Friday 6 January 2012
by Ken Paterson
Part of the research for ‘A Handbook of Spoken Grammar’ (follow the links ‘Titles’ and ‘Language Practice’ on the DELTA website for details) involved going through pages of the language that we had reformulated for our students on speakings skills courses, highlighting recurring features. One thing that would come up now and again were examples of ‘exaggerated language’ (e.g. ‘I’m dying for a holiday!’).
Researching around the subject, I came across a fascinating article by Michael McCarthy and Ronald Carter entitled ‘There’s millions of them: hyperbole in everyday conversation’ (Journal of Pragmatics 36, 149-184). Amongst other things, they suggest that two areas of meaning are particulary productive of exaggerated language:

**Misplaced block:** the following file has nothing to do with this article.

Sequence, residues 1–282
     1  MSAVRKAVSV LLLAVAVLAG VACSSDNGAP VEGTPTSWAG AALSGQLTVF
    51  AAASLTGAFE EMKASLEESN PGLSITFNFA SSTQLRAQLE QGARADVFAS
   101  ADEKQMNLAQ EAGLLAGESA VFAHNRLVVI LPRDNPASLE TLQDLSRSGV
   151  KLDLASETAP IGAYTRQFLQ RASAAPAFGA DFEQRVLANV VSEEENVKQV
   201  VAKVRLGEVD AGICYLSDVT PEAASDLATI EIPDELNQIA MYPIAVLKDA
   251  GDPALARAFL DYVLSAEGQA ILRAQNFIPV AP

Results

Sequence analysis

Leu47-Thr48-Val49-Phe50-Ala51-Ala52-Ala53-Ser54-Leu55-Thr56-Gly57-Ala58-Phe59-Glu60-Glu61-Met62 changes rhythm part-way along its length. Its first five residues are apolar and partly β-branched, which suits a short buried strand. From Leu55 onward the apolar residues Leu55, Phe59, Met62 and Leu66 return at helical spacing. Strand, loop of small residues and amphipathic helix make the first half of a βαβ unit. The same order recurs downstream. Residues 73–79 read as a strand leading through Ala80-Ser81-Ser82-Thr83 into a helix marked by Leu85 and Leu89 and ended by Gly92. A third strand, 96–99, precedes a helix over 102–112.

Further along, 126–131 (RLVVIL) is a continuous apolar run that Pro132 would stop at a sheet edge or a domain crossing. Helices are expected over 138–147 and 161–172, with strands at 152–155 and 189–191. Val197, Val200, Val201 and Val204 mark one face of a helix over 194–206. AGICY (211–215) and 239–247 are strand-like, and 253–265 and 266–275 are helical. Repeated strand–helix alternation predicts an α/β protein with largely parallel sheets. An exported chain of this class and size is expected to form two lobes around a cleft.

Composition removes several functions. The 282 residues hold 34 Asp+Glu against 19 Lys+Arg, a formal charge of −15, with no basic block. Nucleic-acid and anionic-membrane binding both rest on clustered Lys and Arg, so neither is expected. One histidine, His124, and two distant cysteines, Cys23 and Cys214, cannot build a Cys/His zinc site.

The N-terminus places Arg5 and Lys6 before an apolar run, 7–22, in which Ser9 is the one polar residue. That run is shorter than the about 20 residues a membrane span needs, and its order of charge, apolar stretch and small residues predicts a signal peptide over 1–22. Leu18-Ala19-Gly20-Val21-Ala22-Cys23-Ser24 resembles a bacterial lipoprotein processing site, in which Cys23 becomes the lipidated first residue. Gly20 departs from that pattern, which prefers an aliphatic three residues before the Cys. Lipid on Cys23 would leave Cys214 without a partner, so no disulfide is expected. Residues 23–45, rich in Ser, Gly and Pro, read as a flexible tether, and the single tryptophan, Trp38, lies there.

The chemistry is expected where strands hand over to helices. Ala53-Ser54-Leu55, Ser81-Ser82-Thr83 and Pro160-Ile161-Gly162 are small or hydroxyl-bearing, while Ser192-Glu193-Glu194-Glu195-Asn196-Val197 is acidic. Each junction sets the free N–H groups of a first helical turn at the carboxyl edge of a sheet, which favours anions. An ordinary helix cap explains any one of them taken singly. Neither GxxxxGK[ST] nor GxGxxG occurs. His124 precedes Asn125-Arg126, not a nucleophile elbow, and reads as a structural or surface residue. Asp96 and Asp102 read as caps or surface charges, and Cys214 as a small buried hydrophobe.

- numbers/amounts, e.g. ‘I can think of a hundred reasons not to go.’
- time/space, e.g. ‘You know that meal will take you years to prepare, don’t you?’
In the book, we focus on these two areas, looking at the patterns that lie under
the most common examples, and we also cover extreme adjectives and adverbs (‘absolutely vast’ pizzas, and bosses who are ‘total slave drivers’).
A couple of interesting things we came across:
- when we’re talking about time, we always seem to use the numbers two and five (e.g. ‘It’ll only take two minutes’; ‘Have you got five seconds?’)
- the metric system doesn’t seem to get a look in: there’s still ‘acres’ of space in
the spare room, and spiders are always about a ‘foot’ wide!
Next time ….. how a small group of words replace speech marks in conversation.
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